“CAMPAGNE VACCINALE. Bons et mauvais élèves de la vaccination dans le monde: radioscopie des facteurs clés.”
Interview with the French Media Platform “Atlantico” on global drivers of vaccination success.
Here is the interview in French. (English draft below.) It relates to a VoxEU Column and research available as CEPR Discussion Paper (references and links to related papers below).
Vu M. Ngo, Klaus F. Zimmermann, Phuc V. Nguyen, Toan Luu Duc Huynh and Huan H. Nguyen (2022). “CAMPAGNE VACCINALE. Bons et mauvais élèves de la vaccination dans le monde : radioscopie des facteurs clés.”
Interview with the French media Atlantico. PDF. LINK to the French website.
Q: What are the main criteria for determining the success of a vaccination campaign in a given country ?
Our study looks at this from a global, cross-country perspective investigating how fast countries have moved with their vaccination campaigns after they got access to the vaccine. Factors considered in our statistical analysis were political regimes, the education system, Gross Domestic Product per capita, population density, share of older inhabitants, vaccines purchased, vaccine policies, average daily new infected COVID-19 cases and variables controlling for differences across continents.
Q: Do some countries have a structural advantage before starting a national vaccination campaign?
The intensity of the educational system is the most important, in particular at the beginning of the campaign. Later in the process, to get speed, it is the economic strength of the country. More democratic countries have advantages at the outset, they are more sensitive in reacting to people’s needs. But the differences to more autocratic countries become less relevant in the process. Differences in vaccine policies mattered initially, but not afterwards.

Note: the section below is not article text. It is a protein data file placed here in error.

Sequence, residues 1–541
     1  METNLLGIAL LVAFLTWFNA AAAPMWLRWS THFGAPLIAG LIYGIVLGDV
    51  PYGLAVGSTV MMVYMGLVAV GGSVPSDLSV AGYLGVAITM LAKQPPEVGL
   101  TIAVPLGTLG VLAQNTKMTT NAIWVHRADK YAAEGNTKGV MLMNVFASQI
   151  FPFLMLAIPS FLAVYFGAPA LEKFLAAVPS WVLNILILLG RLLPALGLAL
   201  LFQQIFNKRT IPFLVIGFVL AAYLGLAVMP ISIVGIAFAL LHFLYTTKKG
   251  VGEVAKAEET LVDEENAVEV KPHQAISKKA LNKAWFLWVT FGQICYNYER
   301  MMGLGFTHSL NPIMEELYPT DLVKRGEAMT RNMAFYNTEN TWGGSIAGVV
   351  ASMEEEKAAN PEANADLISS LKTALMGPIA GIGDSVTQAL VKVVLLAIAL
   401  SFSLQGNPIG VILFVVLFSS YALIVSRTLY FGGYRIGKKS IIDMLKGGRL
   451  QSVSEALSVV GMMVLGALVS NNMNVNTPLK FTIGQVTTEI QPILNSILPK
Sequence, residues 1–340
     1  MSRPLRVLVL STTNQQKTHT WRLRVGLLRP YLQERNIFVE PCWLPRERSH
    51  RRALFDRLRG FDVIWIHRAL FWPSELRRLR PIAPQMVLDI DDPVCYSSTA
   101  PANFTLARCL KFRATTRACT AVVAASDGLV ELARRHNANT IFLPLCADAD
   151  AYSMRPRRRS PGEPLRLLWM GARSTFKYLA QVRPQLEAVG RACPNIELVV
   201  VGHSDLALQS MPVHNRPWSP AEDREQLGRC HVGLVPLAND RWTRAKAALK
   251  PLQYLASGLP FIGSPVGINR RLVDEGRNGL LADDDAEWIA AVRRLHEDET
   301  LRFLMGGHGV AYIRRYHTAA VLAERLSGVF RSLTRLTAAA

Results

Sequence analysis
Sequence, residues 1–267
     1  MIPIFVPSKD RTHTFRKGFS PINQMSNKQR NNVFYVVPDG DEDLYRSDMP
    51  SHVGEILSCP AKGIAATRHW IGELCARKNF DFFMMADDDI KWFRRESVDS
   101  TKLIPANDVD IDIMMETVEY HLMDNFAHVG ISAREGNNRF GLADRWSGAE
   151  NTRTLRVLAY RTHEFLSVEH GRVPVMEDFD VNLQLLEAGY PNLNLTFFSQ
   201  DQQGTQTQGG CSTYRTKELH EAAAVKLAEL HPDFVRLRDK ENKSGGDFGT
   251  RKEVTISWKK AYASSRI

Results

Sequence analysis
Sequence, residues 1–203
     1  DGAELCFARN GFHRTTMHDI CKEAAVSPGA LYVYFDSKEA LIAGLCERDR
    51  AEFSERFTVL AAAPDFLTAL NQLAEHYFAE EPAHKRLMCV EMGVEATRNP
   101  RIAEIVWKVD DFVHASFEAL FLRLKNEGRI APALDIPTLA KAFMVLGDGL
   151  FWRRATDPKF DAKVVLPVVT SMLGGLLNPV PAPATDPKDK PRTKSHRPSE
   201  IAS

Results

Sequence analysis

Q: How important is it to determine these criteria before establishing a nationwide vaccination strategy ? Can the variables of the campaign be adjusted to fit the parameters of each country ? Can we see common incentives for different countries?
These criteria provide a reference to judge the quality of country-specific strategies, the counterfactual to what the performance was against the average country in such a national situation. Since the challenge is global, it becomes also obvious that the rich and educated countries of the world need to support those that are still behind. It is also in their own interest.
Q: You note that democratic regimes have a faster rate of vaccination but that this advantage fades as they try to vaccinate more people. How much does the type of government in a country affect the success of a vaccination campaign? Based on these criteria, in what range is France?
We distinguished between full democracy, flaw democracy, hybrid regime and autocratic country. Initially, the differences of all those with autocratic countries were strong, but with the exception of full democracies these differences indeed faded away. Full democracies, as France, showed a persistent advantage however in the whole process. But we should admit that political regimes explain only 11% to 15% of the total factors we measure associated with the vaccination success.
Vu M. Ngo, Klaus F. Zimmermann, Phuc V. Nguyen, Toan Luu Duc Huynh and Huan H. Nguyen (2022). “Understanding the setup and speed of global COVID-19 vaccination campaigns”. VoxEU on 25 January 2022.
Vu M. Ngo, Klaus F. Zimmermann, Phuc V. Nguyen, Toan Luu Duc Huynh and Huan H. Nguyen (2021). “How education and GDP drive the COVID-19 vaccination campaign”. CEPR Discussion Paper No. 16757.
Related Covid-19 papers:
Gokhan Karabulut, Klaus F. Zimmermann, Mehmet Huseyin Bilgin and Asli Cansin Doker (2021), “Democracy and COVID-19 Outcomes”. Economics Letters (EL-Prepublication, EL-Online Appendix) Volume 203, June 2021, 109840 Open Access; free PDF. https://doi.org/10.1016/j.econlet.2021.109840
Klaus F. Zimmermann, Gokhan Karabulut, Mehmet Huseyin Bilgin and Asli Cansin Doker (2020), “Inter-country Distancing, Globalization and the Coronavirus Pandemic“, The World Economy, Vol. 43, pp. 1484-1498. OPEN ACCESS, doi:10.1111/twec.12969. PDF.